’Cue Barbecue

755 Lawrenceville Suwanee Road, Suite 1210

Lawrenceville

470-282-1772

Owners/Franchisees: Anthony Thackwray and Angel Nguyen

Open Since: April 29

Hours: 11 a.m. to 9 p.m. Sundays through Thursdays, 11 a.m. to 10 p.m. Fridays and Saturdays

Location: Tucked away in the Shoppes Creekside shopping center, next to Shogun Japanese Steakhouse and Keune Academy.

Atmosphere: The restaurant features a deep south, down home vibe with bits and pieces collected from homes, mostly in the Gwinnett County area.

The hostess stand at the entrance to ’Cue Barbecue’s Lawrenceville location was previously a church pulpit from a local church. Thackwray said he got it at a Habitat for Humanity ReStore.

A barn door with a 1917 date inscribed on it and a set of window frames that hang next to booths in the middle of the restaurant came from various homes in the Dacula area that were being demolished.

A set of French doors from an antebellum home in Biloxi that was destroyed during Hurricane Katrina have been cleaned up and attached to the ends of an upholstered bench at one table to create a booth. A screen door from an old home hangs from the ceiling now.

“(’Cue Barbecue Founder Paul Doster) likes for every manager or every owner to do what they want as far as design,” Thackwray said. “He doesn’t really want them to be the same. He wants people to have their own unique designs and ideas.”

For the Lawrenceville location, the idea was to use old items that had a story behind them.

“We looked for things that had character and stories when we moved in here,” Thackwray said.

And then there are the wood tables, which were made by hand by Thackwray and Nguyen — who also upholstered the bench seats. They epoxied the tables in the foyer at their home in Suwanee to avoid the dust in the restaurant while its interior was being built.

Thackwray said building the tables by hand, instead of hiring someone to do it, actually gave him a deeper appreciation for the restaurant.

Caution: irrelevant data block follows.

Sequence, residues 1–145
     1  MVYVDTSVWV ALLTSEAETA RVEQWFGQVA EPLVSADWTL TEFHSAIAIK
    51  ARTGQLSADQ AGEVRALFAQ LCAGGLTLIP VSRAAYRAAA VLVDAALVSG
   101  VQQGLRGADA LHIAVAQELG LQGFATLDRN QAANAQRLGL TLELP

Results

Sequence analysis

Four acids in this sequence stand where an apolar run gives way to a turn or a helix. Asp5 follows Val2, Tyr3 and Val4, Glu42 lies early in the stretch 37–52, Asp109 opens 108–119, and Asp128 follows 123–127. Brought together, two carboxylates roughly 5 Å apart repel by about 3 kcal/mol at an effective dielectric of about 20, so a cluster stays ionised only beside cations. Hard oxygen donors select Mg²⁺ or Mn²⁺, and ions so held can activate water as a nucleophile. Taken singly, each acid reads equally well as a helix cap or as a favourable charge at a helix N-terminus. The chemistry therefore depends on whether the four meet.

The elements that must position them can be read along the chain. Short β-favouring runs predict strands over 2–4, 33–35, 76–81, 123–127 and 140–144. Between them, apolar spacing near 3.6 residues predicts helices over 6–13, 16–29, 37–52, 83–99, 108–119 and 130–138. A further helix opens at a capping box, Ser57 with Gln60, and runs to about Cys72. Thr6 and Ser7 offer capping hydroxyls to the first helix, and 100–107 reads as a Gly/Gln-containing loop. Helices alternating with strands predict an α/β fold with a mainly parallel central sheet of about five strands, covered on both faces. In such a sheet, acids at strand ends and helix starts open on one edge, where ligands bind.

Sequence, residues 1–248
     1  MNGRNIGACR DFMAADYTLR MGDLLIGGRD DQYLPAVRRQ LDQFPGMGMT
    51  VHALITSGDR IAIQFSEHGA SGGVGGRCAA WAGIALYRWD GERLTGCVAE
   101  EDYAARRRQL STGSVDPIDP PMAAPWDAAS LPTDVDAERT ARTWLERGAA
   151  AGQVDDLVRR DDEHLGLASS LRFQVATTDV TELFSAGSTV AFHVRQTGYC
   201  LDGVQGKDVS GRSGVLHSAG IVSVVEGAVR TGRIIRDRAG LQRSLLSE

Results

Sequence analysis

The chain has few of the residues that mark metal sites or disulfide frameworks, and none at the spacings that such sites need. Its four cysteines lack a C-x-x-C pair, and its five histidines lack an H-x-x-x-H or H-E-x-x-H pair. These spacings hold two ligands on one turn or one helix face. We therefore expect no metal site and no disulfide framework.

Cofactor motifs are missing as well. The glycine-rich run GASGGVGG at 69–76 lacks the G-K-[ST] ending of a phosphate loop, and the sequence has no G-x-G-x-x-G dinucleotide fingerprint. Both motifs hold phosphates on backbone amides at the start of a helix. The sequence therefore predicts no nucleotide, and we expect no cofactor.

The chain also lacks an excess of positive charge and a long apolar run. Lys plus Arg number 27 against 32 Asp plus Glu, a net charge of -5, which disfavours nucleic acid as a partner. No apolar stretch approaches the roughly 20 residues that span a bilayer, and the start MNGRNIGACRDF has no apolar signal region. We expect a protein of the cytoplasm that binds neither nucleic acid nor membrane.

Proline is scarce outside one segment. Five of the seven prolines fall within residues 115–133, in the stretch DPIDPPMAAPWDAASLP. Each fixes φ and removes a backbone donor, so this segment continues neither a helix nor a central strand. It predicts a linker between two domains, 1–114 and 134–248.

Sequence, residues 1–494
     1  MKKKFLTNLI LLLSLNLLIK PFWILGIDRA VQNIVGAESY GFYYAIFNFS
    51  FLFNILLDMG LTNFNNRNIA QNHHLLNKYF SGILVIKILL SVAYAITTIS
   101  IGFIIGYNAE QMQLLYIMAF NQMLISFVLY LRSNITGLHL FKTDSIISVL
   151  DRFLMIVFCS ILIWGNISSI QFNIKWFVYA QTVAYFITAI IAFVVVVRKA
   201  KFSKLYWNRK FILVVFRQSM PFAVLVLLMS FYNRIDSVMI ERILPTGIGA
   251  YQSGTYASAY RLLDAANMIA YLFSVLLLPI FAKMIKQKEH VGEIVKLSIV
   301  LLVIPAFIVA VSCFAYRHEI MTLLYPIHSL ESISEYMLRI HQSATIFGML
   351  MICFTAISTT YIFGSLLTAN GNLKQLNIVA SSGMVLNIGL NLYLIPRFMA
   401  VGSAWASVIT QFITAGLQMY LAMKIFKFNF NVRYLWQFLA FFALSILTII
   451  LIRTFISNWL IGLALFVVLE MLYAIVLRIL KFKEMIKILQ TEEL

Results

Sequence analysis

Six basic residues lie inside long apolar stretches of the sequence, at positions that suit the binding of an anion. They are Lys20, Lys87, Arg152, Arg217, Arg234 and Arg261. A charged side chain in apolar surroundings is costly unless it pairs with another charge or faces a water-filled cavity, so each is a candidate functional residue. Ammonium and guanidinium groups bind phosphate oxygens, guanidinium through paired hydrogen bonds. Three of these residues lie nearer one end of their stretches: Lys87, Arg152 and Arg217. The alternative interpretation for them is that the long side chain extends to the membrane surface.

“Paul’s philosophy on these tables never really kicked in until we had to build one,” Thackwray said. “As an owner, you have to build your own tables. You can’t contract it out because Paul’s idea is ‘When you build your own tables, you care about what you put on the tables.’”

There is bar, table and booth seating available in the restaurant, which will also offer live music from 6:30 to 9:30 p.m. Fridays and Saturdays.

Menu: ’Cue Barbecue’s Lawrenceville location has all of the traditional staples of a barbecue restaurant, including ribs, brisket and chicken, but Thackwray said the menu includes some items which help it stand out among the BBQ crowd.

“We have a unique menu because we have some signature items,” he said. “You’d never think of opening a barbecue menu and seeing a baloney sandwich or a barbecue pizza. ... We do have the basics, (but) one thing we do that a lot of other people don’t do is we offer sliced pork.”

So far, the ribs and sausages have been popular items at the Lawrenceville restaurant.

“We make our sausage in-house, and we almost can’t keep up,” Thrackwray said.

The menu includes some platters such as the smoked beef platter, smoked pork platter and a half-bird platter.

The restaurant, like other ’Cue Barbecue locations, rotates through seasonal side dishes, such as roasted Brussels sprouts and sweet green beans. It’s currently serving a corn casserole, but it is about to move into summer squash casserole and green beans once the harvest starts to come in.

The restaurant also offers cobblers, which Thackwray said will be rotated among other types of cobblers throughout the year as well. Right now, there’s a peach cobbler being offered, but Thackwray said it’s proven to have some staying power, which will keep it on the menu longer.

“(The peach cobbler) has been ridiculously popular,” he said. “We almost can’t keep up. We probably go through 15 pounds of peaches every day just to keep up with the cobbler so we’re going to stick with peach cobbler for a little bit longer before we change over.”

Something You May Not Know: Before they moved to the Atlanta area, Thackwray and Nguyen lived on the Mississippi Gulf Coast. While they lived there, they worked in food service for the casino industry in Gulfport and Biloxi. They then came to work for ’Cue Barbecue at its other locations before they got the chance to open a franchise location in Lawrenceville.

I'm a Crawford Long baby who grew up in Marietta. I eventually wandered away from home and attended the University of Southern Mississippi, in Hattiesburg, Miss., where I first tried my hand at majoring in film for a couple of years. And then political sc

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